At our last monthly staff meeting one of my co-workers shared an article by Amy Morin that described 7 scientifically proven benefits of gratitude that will motivate you to give thanks year round. She prefaced the article with the statement – “Developing an “attitude of gratitude” is one of the simplest ways to improve your satisfaction with life.” I read the article, and it is so true – being grateful and thankful throughout the year tends to have tremendous benefits on your quality of life.
In fact, gratitude may be one of the most overlooked tools that we all have access to every day. Cultivating gratitude does not cost any money and it certainly does not take much time, but the benefits are enormous. According to Morin, research reveals gratitude can have these seven benefits:
• Gratitude opens the door to more relationships. Not only does saying “thank you” constitute good manners, but showing appreciation can help you win new friends. The study found that thanking a new acquaintance makes them more likely to seek an ongoing relationship and new opportunities.
• Gratitude improves physical health. Grateful people experience fewer aches and pains and they report feeling healthier than other people. They exercise more often and are more likely to attend regular check-ups with their doctors.
• Gratitude improves psychological health. Gratitude reduces a multitude of toxic emotions, ranging from envy and resentment to frustration and regret. The research of Robert A. Emmons, Ph.D., confirms that gratitude effectively increases happiness and reduces depression.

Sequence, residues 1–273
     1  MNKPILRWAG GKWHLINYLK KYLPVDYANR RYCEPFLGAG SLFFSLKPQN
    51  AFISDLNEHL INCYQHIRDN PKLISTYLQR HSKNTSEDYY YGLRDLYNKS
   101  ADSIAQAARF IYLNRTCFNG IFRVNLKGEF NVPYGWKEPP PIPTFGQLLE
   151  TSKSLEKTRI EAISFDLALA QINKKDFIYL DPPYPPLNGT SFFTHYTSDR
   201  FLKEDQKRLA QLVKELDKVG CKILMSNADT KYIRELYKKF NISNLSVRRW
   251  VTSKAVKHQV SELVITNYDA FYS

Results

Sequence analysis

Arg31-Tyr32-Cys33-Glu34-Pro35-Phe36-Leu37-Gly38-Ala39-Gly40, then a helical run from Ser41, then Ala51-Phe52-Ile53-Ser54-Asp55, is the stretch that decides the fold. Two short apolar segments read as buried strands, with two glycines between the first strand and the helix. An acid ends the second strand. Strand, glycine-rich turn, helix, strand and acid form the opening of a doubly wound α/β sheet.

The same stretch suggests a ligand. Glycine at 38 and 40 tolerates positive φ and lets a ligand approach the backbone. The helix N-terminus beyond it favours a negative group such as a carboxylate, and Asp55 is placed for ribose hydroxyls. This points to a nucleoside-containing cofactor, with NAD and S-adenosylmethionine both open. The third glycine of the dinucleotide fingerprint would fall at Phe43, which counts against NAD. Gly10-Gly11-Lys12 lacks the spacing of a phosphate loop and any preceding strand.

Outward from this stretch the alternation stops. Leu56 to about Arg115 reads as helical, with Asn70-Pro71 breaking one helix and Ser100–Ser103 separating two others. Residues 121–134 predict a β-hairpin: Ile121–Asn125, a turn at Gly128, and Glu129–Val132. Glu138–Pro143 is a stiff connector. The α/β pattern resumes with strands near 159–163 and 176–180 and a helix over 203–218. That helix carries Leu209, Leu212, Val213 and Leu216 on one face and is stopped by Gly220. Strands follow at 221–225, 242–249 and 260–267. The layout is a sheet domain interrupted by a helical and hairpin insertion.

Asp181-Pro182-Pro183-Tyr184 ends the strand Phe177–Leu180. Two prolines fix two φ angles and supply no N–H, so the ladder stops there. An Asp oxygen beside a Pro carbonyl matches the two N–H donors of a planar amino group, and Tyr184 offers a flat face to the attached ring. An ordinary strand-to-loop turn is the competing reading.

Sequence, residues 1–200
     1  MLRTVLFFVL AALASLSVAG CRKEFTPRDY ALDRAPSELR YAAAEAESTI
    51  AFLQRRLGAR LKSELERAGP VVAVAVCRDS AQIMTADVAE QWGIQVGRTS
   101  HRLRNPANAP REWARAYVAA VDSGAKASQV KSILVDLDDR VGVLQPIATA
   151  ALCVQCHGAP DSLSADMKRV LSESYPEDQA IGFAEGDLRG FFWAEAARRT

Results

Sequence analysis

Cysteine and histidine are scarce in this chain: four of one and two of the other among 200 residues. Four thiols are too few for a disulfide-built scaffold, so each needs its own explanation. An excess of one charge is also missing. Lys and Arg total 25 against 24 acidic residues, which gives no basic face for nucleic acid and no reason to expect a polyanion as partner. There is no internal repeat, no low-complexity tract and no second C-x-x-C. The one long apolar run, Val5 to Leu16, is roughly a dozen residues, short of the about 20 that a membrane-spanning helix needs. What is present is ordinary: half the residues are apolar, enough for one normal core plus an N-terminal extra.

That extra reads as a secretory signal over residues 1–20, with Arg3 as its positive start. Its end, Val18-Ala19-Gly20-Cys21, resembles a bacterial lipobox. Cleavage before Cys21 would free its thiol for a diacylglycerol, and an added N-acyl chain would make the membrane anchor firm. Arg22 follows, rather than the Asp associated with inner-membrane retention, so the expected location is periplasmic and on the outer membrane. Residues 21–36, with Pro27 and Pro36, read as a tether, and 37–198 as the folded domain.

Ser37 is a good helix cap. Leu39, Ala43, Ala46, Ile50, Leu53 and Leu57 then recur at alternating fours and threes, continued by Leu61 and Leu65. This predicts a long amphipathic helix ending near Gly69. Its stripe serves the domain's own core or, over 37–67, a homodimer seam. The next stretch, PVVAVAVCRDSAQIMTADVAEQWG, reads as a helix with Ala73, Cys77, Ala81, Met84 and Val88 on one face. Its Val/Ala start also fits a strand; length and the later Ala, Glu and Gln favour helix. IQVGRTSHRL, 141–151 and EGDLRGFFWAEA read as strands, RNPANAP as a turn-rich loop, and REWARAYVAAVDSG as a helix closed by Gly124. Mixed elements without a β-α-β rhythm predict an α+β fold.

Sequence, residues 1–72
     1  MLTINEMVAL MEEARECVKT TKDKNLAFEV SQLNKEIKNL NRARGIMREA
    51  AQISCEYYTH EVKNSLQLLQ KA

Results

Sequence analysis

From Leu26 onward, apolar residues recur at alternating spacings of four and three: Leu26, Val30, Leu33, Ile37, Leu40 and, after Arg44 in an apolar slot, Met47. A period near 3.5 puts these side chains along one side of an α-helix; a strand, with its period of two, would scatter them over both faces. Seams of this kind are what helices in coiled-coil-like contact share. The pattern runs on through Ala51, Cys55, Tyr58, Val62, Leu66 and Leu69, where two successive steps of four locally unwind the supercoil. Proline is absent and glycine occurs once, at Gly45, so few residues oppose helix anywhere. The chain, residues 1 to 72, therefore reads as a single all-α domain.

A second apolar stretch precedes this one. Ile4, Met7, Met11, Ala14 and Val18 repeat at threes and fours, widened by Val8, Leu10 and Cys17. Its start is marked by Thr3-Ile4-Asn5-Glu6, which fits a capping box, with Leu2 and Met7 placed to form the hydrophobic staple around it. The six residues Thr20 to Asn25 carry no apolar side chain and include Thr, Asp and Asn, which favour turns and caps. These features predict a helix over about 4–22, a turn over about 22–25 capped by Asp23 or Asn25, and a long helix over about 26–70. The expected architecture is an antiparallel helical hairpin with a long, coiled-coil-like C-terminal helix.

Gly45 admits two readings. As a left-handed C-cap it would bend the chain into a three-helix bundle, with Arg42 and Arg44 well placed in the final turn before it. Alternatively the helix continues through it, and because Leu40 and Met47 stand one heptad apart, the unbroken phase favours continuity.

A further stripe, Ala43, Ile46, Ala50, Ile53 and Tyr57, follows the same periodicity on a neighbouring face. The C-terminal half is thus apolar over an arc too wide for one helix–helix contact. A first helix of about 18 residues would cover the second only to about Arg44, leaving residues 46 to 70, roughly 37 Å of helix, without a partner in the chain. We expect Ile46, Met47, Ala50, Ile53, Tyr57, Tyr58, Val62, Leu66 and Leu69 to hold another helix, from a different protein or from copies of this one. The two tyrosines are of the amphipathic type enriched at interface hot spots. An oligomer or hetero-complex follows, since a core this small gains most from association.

• Gratitude enhances empathy and reduces aggression. Grateful people are more likely to behave in a prosocial manner and were less likely to retaliate against others, even when given negative feedback. They displayed more sensitivity and empathy toward other people and a decreased desire to seek revenge.
• Grateful people sleep better. Start a “gratitude journal” and spend just 15 minutes jotting down a few grateful sentiments before bed, and you may sleep better and longer.
• Gratitude improves self-esteem. A 2014 study found that gratitude increased an athlete’s self-esteem. Other studies have shown that gratitude reduces social comparisons. Rather than becoming resentful toward people who have more money or better jobs grateful people are able to appreciate other people’s accomplishments.
• Gratitude increases mental strength. For years, research has shown gratitude not only reduces stress, but it may also play a major role in overcoming trauma. Recognizing all you have to be thankful for – even during the worst times of your life – fosters resilience.
We all have the ability and opportunity to cultivate gratitude. Simply take a few moments to focus on all that you have – rather than complain about all the things you think you deserve. Amy Morin is a psychotherapist and the author of 13 Things Mentally Strong People Don’t Do. I confess that when people (particularly in the customer service industry) ask “How are you today?” I love to respond – “I am fortunate”. They always seem puzzled by that response, but that is how I feel, and trust me – that feeling can carry you through a lot.
I know Quinte Mall is doing some great radio advertising for the Gift Wrap booth, but it never hurts to remind people of this fabulous service. This year the booth is located by the model train (Sport Chek and Winners) and every dollar donated helps seniors keep their independence – at home.